China to examine U.S. chipmaker Micron for cybersecurity risks

China’s cyberspace regulator will conduct a cybersecurity review of products sold in the country by U.S. memory chip manufacturer Micron Technology, Reuters news report said.
MicronThe move is aimed at protecting the security of the supply chain for critical information infrastructure, prevent hidden risks and safeguard national security, the Cyberspace Administration of China said in a brief news statement.

It gave no other details, including which Micron products it was reviewing.

Micron, one of the world’s largest memory chip makers, did not respond immediately to a request for comment.

The United States has imposed a series of export controls on chipmaking technology to China for fear it could be used to produce chips for applications such as artificial intelligence which could be used by China’s military, and blacklisted a number of China’s largest chip firms, including Micron rival Yangtze Memory Technologies.

On Friday, Japan announced it would align its technology trade controls with a U.S. push to curb China’s ability to make advanced chips. The Netherlands, which makes advanced lithography equipment critical for the manufacture of advanced chips, made a similar announcement earlier this month.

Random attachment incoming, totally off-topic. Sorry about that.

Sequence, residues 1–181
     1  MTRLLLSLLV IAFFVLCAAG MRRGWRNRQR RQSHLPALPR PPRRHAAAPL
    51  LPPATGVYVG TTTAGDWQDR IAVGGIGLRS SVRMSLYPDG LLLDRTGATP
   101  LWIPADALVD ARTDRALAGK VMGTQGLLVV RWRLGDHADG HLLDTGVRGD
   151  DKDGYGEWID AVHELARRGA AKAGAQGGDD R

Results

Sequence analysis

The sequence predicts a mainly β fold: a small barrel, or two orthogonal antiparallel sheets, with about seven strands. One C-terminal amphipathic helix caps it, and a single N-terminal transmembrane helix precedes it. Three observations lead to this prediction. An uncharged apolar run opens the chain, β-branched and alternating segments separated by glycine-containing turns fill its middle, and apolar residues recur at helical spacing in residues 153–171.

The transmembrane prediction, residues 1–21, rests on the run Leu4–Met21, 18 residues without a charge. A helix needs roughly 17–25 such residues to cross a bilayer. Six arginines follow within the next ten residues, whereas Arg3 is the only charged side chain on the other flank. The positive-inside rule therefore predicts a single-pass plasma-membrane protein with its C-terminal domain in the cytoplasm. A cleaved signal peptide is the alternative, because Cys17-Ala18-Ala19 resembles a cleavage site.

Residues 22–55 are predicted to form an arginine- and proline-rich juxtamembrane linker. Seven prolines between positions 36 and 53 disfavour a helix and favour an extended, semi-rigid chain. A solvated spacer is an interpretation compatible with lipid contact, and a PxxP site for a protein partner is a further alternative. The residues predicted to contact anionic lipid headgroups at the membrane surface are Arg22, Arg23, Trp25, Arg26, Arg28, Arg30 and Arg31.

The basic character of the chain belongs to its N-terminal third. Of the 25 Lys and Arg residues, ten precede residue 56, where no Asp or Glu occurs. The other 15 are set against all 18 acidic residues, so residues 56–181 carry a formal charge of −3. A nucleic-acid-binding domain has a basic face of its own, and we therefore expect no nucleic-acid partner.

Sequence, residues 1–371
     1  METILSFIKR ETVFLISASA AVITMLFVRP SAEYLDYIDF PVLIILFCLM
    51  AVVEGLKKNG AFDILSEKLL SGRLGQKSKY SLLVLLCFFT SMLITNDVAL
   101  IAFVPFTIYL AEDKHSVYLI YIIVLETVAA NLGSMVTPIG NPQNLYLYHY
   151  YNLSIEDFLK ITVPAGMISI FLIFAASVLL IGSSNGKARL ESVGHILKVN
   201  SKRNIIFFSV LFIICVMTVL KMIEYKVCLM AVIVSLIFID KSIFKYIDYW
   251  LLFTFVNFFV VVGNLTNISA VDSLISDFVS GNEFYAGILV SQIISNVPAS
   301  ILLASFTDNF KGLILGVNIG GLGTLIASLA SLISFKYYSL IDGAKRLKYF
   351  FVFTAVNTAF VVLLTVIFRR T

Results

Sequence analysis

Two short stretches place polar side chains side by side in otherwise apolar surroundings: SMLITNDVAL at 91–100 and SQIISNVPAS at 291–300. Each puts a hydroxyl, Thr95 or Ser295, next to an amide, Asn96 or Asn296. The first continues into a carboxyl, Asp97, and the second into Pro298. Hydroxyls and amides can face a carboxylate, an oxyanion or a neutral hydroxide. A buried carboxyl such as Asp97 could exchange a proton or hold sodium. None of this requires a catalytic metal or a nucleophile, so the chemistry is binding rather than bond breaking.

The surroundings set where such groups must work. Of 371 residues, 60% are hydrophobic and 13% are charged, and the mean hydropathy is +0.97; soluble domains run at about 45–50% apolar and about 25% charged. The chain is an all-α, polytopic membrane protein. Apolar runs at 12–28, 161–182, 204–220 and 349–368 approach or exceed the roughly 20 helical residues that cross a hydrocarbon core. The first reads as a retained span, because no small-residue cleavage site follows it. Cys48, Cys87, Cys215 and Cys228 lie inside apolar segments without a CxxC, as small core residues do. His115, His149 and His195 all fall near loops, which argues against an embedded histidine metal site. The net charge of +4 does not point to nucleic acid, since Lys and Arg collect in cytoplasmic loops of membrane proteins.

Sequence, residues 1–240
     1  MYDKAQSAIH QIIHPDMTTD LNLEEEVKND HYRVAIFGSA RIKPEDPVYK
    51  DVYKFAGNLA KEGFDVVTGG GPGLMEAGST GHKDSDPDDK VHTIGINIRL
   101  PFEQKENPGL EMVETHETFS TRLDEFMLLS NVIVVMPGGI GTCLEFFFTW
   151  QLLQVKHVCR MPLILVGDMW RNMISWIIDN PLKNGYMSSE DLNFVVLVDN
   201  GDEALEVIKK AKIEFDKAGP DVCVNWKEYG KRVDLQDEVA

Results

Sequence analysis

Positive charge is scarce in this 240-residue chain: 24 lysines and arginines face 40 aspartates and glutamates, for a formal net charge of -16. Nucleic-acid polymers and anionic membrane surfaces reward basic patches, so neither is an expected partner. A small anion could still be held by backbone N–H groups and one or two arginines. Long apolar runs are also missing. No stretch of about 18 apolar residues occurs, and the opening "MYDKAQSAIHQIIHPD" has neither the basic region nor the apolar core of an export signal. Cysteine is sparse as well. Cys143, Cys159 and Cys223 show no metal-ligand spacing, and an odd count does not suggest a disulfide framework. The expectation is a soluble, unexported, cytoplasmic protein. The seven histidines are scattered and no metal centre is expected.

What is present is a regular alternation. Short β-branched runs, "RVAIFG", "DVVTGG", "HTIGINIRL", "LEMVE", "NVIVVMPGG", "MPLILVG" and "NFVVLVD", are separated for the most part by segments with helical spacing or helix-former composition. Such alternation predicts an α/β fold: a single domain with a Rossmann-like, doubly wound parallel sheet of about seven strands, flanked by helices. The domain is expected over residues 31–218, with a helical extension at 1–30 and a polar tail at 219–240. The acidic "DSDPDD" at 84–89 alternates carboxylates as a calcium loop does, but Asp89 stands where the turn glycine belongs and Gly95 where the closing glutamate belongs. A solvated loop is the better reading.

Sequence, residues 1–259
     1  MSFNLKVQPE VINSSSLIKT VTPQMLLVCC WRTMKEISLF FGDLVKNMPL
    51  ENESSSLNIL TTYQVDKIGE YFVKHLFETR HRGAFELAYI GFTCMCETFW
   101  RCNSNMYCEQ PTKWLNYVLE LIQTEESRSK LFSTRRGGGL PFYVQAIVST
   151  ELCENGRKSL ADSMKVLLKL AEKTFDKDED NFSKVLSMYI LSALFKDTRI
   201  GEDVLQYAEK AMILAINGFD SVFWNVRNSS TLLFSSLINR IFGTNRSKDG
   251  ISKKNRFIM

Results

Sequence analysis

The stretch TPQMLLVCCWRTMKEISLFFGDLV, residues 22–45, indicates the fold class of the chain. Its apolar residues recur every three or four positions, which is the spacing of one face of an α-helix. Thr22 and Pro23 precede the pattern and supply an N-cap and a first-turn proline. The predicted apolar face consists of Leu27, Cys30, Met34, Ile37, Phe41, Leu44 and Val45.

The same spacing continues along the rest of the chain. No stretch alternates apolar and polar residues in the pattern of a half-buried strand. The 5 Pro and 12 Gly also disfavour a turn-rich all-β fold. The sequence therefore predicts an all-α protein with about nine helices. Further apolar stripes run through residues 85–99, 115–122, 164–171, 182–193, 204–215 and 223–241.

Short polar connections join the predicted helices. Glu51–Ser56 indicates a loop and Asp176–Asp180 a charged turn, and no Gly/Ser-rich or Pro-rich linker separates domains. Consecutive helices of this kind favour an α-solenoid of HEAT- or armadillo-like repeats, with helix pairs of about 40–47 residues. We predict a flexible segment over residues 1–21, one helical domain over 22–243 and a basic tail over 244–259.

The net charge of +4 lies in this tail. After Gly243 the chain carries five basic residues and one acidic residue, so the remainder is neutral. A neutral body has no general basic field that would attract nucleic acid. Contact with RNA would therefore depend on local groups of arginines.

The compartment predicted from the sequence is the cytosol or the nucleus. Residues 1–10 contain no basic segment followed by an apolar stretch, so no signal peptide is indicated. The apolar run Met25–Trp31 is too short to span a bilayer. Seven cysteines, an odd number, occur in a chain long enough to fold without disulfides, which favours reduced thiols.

Micron makes NAND memory chips that serve the data storage market as well as DRAM chips that are widely used in data centers, personal computers and other devices. Micron is the only major U.S. manufacturer of DRAM memory, and competes with South Korea’s SK Hynix and Samsung Electronics in the product category.

Micron has offices in Shanghai and Shenzhen, as well as a chip packaging facility in the city of Xian. In early 2022, the company announced it would shut its DRAM design operations in Shanghai.

In 2018, the U.S. Department of Justice indicted Taiwan-based chip maker United Microelectronics (UMC) and China’s Fujian Jinhua Integrated Circuit, alleging the companies conspired to steal trade secrets from Micron. Fujian Jinhua denied the allegations. UMC pled guilty to the charges and paid a $60 million fine.

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